Rank #16

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How To Cut The Clutter And Get Organized

If your desk is a total mess, today’s Please Explain is meant for YOU! We tackle the crucial, yet all-so-difficult task, of getting organized, with Amanda Sullivan, author of Organized Enough: The Anti-Perfectionist's Guide to Getting -- and Staying -- Organized.


14 Jul 2017

Rank #17

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What's Keeping You Up at Night?

Why can’t we sleep? The CDC estimates that 50 to 70 million U.S. adults have a sleep or wakefulness disorder, caused by "broad scale societal factors such as round-the-clock access to technology and work schedules, but sleep disorders such as insomnia or obstructive sleep apnea also play an important role."  Dr. Rafael Pelayo, Clinical Professor, Psychiatry and Behavioral Sciences at the Stanford Center for Sleep Sciences and Medicine, joins us for this week's Please Explain about insomnia and sleep disorders.  Have questions about insomnia and sleep disorders? Send us your questions in a comment below, or let us know on Twitter or Facebook!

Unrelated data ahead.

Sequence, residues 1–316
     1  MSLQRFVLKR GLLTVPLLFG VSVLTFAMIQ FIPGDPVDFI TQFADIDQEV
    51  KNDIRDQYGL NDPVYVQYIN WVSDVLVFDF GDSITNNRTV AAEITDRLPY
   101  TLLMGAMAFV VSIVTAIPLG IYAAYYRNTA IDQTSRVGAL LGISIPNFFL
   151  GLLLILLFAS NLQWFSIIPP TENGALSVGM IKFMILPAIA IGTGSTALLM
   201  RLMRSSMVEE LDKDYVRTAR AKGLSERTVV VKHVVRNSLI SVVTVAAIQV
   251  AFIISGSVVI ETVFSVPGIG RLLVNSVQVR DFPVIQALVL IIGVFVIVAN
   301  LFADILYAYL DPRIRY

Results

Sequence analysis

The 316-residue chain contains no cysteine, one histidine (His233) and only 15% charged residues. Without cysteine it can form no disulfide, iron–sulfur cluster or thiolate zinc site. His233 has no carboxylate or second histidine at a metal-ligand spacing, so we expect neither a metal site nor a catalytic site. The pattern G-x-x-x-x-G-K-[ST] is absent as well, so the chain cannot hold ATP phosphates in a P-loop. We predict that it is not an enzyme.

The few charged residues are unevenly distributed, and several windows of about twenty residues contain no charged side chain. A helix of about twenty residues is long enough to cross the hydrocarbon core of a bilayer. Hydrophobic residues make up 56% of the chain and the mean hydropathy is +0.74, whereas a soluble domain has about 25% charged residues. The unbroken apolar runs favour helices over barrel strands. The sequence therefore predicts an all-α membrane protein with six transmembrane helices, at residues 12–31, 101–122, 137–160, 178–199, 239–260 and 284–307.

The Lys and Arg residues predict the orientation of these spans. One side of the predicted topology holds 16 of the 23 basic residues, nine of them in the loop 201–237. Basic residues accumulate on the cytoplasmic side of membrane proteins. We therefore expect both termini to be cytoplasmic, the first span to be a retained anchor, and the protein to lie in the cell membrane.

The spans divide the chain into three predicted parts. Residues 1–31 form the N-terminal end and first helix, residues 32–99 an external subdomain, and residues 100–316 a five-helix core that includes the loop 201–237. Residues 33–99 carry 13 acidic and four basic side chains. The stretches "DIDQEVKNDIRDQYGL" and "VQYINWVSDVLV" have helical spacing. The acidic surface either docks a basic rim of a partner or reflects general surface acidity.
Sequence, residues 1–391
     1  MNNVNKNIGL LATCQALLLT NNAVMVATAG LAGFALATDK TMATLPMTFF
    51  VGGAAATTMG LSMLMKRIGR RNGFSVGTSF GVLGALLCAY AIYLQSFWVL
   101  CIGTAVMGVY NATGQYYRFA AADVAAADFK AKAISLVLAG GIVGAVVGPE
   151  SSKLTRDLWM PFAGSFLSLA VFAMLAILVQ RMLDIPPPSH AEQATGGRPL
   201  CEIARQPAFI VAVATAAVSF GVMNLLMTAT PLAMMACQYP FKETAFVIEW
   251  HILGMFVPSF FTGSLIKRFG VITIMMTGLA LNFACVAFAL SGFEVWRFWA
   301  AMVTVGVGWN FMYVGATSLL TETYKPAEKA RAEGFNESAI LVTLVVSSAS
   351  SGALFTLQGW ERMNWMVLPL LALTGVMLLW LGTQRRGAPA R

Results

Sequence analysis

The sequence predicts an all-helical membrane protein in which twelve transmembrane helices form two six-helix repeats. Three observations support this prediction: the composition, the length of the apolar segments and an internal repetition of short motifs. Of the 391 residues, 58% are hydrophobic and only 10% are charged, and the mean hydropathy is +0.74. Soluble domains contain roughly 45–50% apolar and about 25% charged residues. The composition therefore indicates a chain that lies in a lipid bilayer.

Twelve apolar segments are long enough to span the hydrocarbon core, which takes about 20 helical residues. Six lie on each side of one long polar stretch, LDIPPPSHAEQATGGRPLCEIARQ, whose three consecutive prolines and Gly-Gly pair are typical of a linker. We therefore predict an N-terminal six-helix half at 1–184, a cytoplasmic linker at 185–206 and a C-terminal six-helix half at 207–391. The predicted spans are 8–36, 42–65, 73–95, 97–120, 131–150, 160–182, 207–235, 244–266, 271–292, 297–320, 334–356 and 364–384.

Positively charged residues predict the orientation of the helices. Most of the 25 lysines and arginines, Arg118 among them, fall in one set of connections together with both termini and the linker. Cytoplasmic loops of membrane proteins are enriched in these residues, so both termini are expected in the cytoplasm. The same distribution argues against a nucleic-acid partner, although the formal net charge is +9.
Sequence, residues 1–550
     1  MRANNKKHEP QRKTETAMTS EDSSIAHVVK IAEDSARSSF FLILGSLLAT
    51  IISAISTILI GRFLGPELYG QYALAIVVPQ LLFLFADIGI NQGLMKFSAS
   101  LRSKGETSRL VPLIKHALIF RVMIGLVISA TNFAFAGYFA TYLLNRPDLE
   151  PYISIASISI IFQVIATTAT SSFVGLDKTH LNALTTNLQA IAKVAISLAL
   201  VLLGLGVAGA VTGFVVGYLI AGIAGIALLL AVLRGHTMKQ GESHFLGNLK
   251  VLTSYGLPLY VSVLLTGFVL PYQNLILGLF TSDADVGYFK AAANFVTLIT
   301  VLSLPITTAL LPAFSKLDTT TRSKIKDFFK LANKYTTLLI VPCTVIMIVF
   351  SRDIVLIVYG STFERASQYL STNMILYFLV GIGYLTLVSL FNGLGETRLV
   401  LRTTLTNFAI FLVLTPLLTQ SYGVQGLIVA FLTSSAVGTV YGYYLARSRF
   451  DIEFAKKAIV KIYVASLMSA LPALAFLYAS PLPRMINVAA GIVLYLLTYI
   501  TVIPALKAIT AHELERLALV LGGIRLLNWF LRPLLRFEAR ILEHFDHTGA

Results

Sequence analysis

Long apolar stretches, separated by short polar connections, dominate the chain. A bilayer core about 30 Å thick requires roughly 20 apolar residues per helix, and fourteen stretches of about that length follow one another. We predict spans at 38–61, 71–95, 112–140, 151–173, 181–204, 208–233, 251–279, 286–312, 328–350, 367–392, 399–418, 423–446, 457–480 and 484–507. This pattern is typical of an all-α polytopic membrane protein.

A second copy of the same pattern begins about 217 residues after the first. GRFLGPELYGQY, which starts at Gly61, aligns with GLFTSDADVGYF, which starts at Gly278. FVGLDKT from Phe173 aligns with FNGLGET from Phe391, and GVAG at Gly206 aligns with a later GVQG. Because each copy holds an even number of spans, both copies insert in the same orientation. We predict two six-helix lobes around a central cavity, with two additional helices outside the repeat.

9 Dec 2016

Rank #18

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The Science of Cheese

Ever wonder why Swiss cheese has holes? Why are so many types of cheese yellow in color? Or, what kinds of milk are best for making cheese? Chemist Michael Tunick has spent almost three decades working with the USDA's Agricultural Research Service creating new dairy products and improving existing ones. On our latest Please Explain, he’ll address the chemistry, physics and biology that results in cheese! He's the author of The Science of Cheese. Have questions about cheese? Send us your questions in a comment below, or let us know on Twitter or Facebook!


4 Nov 2016

Rank #19

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Why We Love To Run

For our next Please Explain, Vybarr Cregan-Reid jogs us through the basics of running. Cregan-Reid, who authored the book Footnotes: How Running Makes Us Human, reveals how running reconnects us to our bodies and helps us cleanse our minds. He explores the world’s most advanced running laboratories and research centers, and draws on literature, philosophy, neuroscience and biology to understand our passion for running.


18 Aug 2017

Rank #20